SENTENCED To four months in federal prison, Ravens running back Jamal Lewis, who pleaded guilty in October to using a cellphone to try to set up a cocaine deal in 2000. Lewis, who originally faced more serious conspiracy charges, could have been hit with at least a 10-year sentence if convicted at trial, and under federal guidelines he could have received six to 12 months for the crime he pleaded to. But U.S. district judge Orinda Evans let him off easy, in part, she said, because prosecutors had a weak case and there was a "very high" probability that a jury would have acquitted him. (The judge recommended that he serve his time at a federal prison camp in Alabama.) Lewis, who underwent ankle surgery last month and appeared in court on crutches, should be released in time for the beginning of training camp in July. Said Lewis, "I'm truly sorry for what I did."
This is an article from the Feb. 7, 2005 issue
FIREDBy the ABA's Nashville Rhythm, Ashley McElhiney, the first woman to coach a professional men's basketball team. McElhiney, 23, was axed after an argument with co-owner Sally Anthony during a win over the Kansas City Knights last Saturday. Before the game, Anthony told McElhiney not to play forward Matt Freije because she thought other players resented his playing time. McElhiney ignored the order, and in the third quarter Anthony stormed onto the court and tried to fire her on the spot. Anthony was hauled off the floor by security guards; after the game she announced that McElhiney was out. Cooler heads eventually prevailed: On Monday league chairman Joe Newman told SI that McElhiney would get her job back.
FILED By Heat forward Wesley Person, a grievance with the NBA players' union accusing the team of wrongfully placing him on the injured list. Miami shelved Person last week, saying he had right-knee tendinitis. Person claims he's healthy--even though he approved the move. His excuse: "They called me when I was taking my nap.... Once I woke up and came to my senses, I was like, Hold on now."
FIRED After 18 seasons, Peabody (Mass.) High baseball coach Ed Nizwantowski. Officials didn't specify a reason for Nizwantowski's removal, but under his watch--he's also the football coach--several former Peabody athletes, including Marlins minor league pitcher Jeff Allison, have admitted to being addicted to prescription painkillers (SI, Dec. 20, 2004). Nizwantowski still holds his football position, but the school said it will begin accepting applicants for that job later this year.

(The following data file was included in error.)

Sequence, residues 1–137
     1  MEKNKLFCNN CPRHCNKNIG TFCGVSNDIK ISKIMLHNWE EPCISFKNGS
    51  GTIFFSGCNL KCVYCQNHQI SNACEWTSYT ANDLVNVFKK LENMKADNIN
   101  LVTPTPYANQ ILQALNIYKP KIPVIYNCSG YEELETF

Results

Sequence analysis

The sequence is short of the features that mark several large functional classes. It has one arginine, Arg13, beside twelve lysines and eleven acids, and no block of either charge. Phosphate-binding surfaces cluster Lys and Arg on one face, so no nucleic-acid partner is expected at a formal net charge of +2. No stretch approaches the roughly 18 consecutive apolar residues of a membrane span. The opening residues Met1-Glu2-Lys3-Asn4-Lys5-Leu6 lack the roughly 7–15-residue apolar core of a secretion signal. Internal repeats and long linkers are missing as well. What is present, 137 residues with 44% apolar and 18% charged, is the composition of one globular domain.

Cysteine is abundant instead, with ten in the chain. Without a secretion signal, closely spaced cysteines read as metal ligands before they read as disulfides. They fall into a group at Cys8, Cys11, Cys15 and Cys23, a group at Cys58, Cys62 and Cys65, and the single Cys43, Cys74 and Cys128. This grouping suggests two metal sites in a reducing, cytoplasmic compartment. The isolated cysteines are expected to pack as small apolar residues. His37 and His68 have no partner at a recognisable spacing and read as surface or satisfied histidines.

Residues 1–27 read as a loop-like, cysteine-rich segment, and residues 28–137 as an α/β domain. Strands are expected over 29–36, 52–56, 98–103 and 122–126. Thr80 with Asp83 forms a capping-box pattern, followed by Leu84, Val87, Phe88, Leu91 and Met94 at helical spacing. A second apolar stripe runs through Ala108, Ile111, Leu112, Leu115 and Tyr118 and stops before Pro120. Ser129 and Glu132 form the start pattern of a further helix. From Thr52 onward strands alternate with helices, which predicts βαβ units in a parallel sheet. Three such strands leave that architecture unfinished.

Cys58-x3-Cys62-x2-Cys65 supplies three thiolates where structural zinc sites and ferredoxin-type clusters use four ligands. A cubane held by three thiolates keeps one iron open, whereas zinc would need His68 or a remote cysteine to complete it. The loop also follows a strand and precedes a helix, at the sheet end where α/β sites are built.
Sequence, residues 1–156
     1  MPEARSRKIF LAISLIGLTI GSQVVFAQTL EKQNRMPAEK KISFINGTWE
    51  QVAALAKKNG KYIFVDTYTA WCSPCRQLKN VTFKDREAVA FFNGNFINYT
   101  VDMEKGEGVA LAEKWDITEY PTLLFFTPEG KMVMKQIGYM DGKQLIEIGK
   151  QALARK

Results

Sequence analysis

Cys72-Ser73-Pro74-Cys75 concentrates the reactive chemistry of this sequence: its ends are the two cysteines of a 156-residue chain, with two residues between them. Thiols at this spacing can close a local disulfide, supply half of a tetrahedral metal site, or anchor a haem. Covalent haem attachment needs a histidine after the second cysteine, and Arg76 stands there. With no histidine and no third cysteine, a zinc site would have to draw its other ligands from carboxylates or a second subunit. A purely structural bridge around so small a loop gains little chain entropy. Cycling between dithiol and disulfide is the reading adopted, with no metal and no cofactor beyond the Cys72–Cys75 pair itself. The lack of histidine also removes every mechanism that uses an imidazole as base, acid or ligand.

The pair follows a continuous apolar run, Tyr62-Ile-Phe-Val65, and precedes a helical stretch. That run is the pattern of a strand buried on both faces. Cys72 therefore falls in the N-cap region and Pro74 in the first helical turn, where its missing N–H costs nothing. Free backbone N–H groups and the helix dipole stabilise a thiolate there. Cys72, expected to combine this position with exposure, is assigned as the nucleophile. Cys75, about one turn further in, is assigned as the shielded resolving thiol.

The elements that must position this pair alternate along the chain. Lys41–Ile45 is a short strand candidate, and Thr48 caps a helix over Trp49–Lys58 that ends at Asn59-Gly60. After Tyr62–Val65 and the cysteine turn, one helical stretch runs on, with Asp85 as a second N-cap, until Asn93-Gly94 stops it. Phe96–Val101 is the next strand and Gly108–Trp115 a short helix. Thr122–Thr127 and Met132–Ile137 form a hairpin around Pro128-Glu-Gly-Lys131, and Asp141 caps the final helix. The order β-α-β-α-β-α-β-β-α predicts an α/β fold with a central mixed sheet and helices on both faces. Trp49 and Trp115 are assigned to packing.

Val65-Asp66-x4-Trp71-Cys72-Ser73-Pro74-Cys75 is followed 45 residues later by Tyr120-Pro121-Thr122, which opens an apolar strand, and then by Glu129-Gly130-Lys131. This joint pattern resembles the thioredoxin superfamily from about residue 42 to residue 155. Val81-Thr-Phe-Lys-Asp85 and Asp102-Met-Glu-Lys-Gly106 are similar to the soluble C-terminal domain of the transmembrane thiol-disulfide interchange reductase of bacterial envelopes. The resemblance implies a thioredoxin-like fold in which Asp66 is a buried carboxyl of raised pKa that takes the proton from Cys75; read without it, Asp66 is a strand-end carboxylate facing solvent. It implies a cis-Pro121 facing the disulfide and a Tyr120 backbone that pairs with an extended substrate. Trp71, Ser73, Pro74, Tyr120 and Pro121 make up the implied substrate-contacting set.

DIED Former heavyweight boxer and actor Coley Wallace, of heart failure at age 77. Wallace didn't amount to much as a pro (he was 20-7-0), but as an amateur in 1948 he knocked out Rocky Marciano, handing the future champ the only loss of his career. Wallace was also known for his resemblance to Joe Louis. In 1953--with cotton stuffed in his cheeks to simulate Louis's puffy face--he played the Brown Bomber in The Joe Louis Story, then reprised the role 27 years later in Martin Scorsese's Raging Bull.
PUNK'D By an unidentified Maryland fan, Duke's Cameron Crazies, who unknowingly mocked their team during a Jan. 26 home loss. Before the game Duke fans were told Maryland forward Nik Caner-Medley's girlfriend is named Myra and her pet name for him is Piggy. It was a hoax: When fans chanted, "Myra and Piggy," it sounded like they were saying "Myron Piggie"--the notorious summer-league coach who, it was revealed in 2001, had given money to former Duke star Corey Maggette.
DEBUTED As a pro golfer at the Victorian Open in Mordialloc, Australia, last Friday, tennis player Scott Draper. The Aussie missed the cut, but the week wasn't a total loss--on Sunday he and Samantha Stosur took the Australian Open mixed-doubles title. Draper planned to suspend his tennis career to pursue golf, but now he could make Australia's Davis Cup team.